My name is Joanna [last name omitted] I’m an Anchorage resident. Members of the assembly, I appreciate this opportunity to be able to speak. I’d like to read a paragraph from the Anchorage Daily News from Saturday June 6th 2009 written by Julia O’Malley, and these are her words. I’ve been openly gay since I was 17, and I can say that I’ve never worried about getting fired or renting an apartment. I have a huge supportive family and wide network of friends. So, [unintelligible] but every stranger that I’ve come out to, from my high school principal to the cable guy have been totally respectful. I didn’t want to get caught up in the same old fight, because I had believed the world had changed. I believe most people in my town were tolerant, whether it was said so in amendments or not. This has been her experience, I think this is the experience of our country, which is based on human rights. I don’t think we need to add special rights for special groups. And this, I’d like to close with just saying, if it ain’t broke, don’t fix it.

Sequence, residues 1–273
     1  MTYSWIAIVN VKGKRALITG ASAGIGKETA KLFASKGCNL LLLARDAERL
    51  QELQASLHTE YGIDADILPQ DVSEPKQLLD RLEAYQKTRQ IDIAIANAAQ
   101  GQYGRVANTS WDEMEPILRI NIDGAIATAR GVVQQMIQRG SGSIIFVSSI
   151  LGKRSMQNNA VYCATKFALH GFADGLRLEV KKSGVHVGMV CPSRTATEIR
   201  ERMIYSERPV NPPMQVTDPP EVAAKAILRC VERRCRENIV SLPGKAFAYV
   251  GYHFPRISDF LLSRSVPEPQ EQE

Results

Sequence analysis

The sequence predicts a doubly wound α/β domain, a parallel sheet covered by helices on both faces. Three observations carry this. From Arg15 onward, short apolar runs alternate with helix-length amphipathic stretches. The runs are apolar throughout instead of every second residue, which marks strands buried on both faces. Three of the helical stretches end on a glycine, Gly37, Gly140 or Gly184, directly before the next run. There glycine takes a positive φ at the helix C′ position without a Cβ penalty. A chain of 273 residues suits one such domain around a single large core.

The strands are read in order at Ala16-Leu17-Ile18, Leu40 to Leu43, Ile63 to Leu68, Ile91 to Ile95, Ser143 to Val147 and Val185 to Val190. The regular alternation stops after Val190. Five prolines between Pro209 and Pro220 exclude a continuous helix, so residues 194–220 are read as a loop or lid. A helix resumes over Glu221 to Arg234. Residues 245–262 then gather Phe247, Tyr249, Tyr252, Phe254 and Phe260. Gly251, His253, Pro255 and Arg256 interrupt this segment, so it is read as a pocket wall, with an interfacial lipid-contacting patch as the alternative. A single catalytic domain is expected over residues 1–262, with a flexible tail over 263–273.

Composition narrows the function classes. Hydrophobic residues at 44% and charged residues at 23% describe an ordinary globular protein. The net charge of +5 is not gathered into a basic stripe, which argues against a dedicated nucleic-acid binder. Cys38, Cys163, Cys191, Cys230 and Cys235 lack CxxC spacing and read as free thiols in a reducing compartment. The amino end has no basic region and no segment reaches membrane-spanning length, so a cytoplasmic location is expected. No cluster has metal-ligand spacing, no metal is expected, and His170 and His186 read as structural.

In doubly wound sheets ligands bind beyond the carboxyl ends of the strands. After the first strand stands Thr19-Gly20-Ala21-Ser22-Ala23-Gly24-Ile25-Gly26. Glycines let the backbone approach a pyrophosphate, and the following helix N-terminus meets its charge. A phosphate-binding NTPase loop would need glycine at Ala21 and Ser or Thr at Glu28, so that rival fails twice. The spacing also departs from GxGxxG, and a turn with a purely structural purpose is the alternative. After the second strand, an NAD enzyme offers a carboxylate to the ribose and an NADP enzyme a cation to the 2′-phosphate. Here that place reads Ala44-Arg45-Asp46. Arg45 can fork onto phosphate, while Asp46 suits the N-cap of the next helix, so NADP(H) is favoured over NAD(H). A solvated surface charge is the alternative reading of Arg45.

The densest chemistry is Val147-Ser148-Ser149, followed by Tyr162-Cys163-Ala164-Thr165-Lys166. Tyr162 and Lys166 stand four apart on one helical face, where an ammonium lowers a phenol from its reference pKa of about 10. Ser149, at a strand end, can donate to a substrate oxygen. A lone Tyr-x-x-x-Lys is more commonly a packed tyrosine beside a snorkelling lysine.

Testimony #2
[Stephanie from East Anchorage]